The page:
Tradition Does Not Excuse the Perpetuation of Misogyny

Traditions are long-established ways of thinking and customs that are passed down from generation to generation; however, the ramifications of certain traditions in the United States have been ignored in order to continue celebrating a beloved custom. Not only do people willfully ignore the oppressive origins of a certain practice they celebrate, their continued participation ensures the perpetuation of an outdated belief of gender roles. This is also enforced through the institutionalization of these traditions in our society which makes it difficult to alter how they are practiced.

Despite the many strides that feminists all over America have taken to advocate for gender equity, there still has not been any acknowledgement that certain customs have inadvertently oppressed women and minorities. The fact that cheerleading is still prevalent in our society shows the ways in which people overlook the objectification of women for the sake of tradition. Cheerleading is considered to be sexist due to the extreme regulations associated with it: the cheerleaders are not allowed near alcohol, cannot attend parties, and cannot wear jewelry with their outfits, which are increasingly sexualized. In addition, cheerleaders have to deal with minimum-wage pay and participate in “jiggle-tests,” which are a test used to assess every inch of their bodies. Even though there is an acknowledgement of the sexism rooted in this custom, it still persists. It could be argued that cheerleading and sports complement each other and actually enhance the sports watching experience, but if that was the case women’s sports should also have the option to employ cheerleaders. In addition, since the outfits are decided without the input of the cheerleaders, it takes away a certain artistic expression that is associated with a sport-like dance. When there is a standardized and strict dress code, it can be oppressive to women from other cultures and religions, which prevent them from pursuing that sport.

Marriage is one of those customs that have become institutionalized in our society. It has many facets that are inherently sexist, from the idea that men should propose, to a father walking his daughter down the aisle. These traditions are based on the patriarchal systems that for thousands of years saw women as the property of men, and therefore established this practice of women sent off by men to men. The recent wedding of Meghan Markle and Prince Harry has shown the backlash when the public found out that Markle’s father would not be walking her down the aisle, almost like stating that their marriage is illegitimate without her father there. The idea that Markle’s mother, her own family, would have to walk her down the aisle was criticized by many, but when it was announced that Prince Charles would replace her father, he was praised. Marriage has become so institutionalized that even a slight change to its process is met with pushback and criticism. Many people may not recognize that by vocalizing their support for Prince Charles to walk Markle down the aisle, they inadvertently perpetuate the notion that a man should give a woman away.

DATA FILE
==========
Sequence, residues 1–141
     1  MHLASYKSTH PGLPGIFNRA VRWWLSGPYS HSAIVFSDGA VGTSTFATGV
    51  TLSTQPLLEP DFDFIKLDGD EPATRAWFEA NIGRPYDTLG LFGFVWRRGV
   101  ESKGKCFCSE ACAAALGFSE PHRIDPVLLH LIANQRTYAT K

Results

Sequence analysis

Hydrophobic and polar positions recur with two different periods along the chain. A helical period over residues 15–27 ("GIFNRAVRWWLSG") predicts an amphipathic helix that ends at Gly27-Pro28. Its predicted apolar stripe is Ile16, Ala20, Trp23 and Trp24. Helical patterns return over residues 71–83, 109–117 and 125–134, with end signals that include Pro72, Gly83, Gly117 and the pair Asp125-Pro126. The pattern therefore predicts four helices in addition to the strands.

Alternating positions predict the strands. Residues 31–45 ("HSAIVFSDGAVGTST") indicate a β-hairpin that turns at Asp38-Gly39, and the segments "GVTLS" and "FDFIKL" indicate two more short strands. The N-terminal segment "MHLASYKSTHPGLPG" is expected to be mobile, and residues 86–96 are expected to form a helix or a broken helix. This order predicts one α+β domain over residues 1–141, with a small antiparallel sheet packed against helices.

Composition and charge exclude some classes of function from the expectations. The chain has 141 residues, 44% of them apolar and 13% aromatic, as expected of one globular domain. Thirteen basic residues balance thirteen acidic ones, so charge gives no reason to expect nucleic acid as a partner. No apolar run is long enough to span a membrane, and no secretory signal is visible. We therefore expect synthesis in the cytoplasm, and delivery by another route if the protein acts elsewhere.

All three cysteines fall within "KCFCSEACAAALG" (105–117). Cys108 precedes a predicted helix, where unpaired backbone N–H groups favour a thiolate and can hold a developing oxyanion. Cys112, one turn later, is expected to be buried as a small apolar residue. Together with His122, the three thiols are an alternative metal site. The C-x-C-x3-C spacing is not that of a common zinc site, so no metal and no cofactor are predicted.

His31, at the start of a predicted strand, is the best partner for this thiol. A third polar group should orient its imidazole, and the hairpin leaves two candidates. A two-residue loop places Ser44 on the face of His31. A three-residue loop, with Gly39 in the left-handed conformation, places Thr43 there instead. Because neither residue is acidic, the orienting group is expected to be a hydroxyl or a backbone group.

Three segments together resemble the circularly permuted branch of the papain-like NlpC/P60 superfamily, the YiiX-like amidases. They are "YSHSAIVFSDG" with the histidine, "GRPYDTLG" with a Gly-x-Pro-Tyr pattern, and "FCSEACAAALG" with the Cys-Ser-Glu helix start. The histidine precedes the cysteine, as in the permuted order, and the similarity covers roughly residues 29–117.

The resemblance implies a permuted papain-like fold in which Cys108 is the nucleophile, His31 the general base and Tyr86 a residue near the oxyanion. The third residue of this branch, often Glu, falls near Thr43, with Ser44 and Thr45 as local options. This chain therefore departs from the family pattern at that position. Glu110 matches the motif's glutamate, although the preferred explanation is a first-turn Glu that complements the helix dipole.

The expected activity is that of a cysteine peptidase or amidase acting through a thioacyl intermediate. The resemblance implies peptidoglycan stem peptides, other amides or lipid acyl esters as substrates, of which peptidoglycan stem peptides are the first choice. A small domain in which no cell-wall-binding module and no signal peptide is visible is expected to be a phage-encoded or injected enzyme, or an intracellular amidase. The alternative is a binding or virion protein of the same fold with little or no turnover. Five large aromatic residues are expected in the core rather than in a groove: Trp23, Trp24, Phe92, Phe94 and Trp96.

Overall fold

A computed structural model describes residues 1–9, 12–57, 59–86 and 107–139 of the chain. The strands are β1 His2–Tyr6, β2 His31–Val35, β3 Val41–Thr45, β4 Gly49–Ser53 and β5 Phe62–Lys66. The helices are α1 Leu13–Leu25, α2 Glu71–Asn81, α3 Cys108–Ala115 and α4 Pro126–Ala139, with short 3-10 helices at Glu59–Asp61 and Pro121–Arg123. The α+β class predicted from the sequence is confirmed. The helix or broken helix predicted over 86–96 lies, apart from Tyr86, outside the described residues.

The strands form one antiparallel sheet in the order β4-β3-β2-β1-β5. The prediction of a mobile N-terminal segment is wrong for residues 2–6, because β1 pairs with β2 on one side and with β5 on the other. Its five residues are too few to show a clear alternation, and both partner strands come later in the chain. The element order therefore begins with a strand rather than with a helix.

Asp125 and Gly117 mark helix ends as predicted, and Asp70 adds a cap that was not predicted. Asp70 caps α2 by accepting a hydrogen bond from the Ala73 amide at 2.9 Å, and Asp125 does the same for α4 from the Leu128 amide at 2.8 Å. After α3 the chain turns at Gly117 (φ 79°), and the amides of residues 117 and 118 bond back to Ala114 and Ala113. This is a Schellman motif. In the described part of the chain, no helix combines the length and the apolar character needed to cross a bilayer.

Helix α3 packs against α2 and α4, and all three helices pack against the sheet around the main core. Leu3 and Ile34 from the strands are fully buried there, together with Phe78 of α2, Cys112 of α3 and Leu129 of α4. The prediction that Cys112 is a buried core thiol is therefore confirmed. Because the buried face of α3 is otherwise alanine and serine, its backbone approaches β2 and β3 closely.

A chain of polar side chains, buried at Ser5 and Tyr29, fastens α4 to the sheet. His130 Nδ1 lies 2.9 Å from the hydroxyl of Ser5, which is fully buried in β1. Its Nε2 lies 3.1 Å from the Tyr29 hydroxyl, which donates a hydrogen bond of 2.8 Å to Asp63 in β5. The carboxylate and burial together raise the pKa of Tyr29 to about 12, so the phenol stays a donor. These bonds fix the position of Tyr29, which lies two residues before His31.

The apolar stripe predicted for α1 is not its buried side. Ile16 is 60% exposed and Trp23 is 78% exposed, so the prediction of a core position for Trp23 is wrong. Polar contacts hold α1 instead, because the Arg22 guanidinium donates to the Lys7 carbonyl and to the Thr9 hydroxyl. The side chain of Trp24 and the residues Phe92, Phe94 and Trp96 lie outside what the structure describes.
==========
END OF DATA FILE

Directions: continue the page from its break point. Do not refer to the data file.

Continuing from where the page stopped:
An argument defending these traditions claims that their historical background is not acknowledged in our current society, and these traditions should continue because it’s how it always has been. However, the acceptance of these practices by both women and men alike also accept their sexist and oppressive nature. It is important to address the oppressive nature of some customs in order to potentially change how they are integrated into our more accepting and tolerant society. If our society recognizes the historical significance of certain customs we participate in, we can alter them to allow for more inclusivity and empowerment. For example, cheerleading could loosen its regulations and give more creative freedom to its performers, moving toward creating equitable conditions for the women in the sport. There are many more customs that can be altered to be more inclusive, but the first step is recognizing why they are celebrated and then changing how we celebrate them in our own lives.

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